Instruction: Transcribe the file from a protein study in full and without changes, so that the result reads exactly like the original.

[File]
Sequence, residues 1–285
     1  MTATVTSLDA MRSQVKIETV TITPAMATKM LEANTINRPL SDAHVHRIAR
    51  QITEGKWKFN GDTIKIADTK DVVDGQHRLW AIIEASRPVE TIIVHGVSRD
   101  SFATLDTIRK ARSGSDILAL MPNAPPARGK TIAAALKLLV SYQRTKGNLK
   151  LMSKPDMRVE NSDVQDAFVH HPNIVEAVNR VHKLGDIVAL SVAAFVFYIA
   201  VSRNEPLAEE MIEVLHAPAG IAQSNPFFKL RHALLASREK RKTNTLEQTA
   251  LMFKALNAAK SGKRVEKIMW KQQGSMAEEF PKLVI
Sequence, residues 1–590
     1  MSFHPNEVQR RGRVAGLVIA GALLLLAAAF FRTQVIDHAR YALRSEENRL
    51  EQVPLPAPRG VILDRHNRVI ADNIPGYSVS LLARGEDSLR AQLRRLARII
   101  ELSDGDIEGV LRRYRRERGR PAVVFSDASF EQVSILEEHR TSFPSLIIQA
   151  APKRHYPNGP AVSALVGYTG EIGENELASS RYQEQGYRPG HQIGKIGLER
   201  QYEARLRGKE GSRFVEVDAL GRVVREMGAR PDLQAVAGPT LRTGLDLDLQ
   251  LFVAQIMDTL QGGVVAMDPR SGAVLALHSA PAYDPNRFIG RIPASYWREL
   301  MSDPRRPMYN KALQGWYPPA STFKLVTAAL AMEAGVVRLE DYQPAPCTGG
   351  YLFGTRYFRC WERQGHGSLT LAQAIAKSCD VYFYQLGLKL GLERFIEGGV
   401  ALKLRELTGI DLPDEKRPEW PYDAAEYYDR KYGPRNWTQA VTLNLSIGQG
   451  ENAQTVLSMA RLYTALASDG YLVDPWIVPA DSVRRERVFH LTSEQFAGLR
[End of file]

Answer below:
Sequence, residues 1–285
     1  MTATVTSLDA MRSQVKIETV TITPAMATKM LEANTINRPL SDAHVHRIAR
    51  QITEGKWKFN GDTIKIADTK DVVDGQHRLW AIIEASRPVE TIIVHGVSRD
   101  SFATLDTIRK ARSGSDILAL MPNAPPARGK TIAAALKLLV SYQRTKGNLK
   151  LMSKPDMRVE NSDVQDAFVH HPNIVEAVNR VHKLGDIVAL SVAAFVFYIA
   201  VSRNEPLAEE MIEVLHAPAG IAQSNPFFKL RHALLASREK RKTNTLEQTA
   251  LMFKALNAAK SGKRVEKIMW KQQGSMAEEF PKLVI
Sequence, residues 1–590
     1  MSFHPNEVQR RGRVAGLVIA GALLLLAAAF FRTQVIDHAR YALRSEENRL
    51  EQVPLPAPRG VILDRHNRVI ADNIPGYSVS LLARGEDSLR AQLRRLARII
   101  ELSDGDIEGV LRRYRRERGR PAVVFSDASF EQVSILEEHR TSFPSLIIQA
   151  APKRHYPNGP AVSALVGYTG EIGENELASS RYQEQGYRPG HQIGKIGLER
   201  QYEARLRGKE GSRFVEVDAL GRVVREMGAR PDLQAVAGPT LRTGLDLDLQ
   251  LFVAQIMDTL QGGVVAMDPR SGAVLALHSA PAYDPNRFIG RIPASYWREL
   301  MSDPRRPMYN KALQGWYPPA STFKLVTAAL AMEAGVVRLE DYQPAPCTGG
   351  YLFGTRYFRC WERQGHGSLT LAQAIAKSCD VYFYQLGLKL GLERFIEGGV
   401  ALKLRELTGI DLPDEKRPEW PYDAAEYYDR KYGPRNWTQA VTLNLSIGQG
   451  ENAQTVLSMA RLYTALASDG YLVDPWIVPA DSVRRERVFH LTSEQFAGLR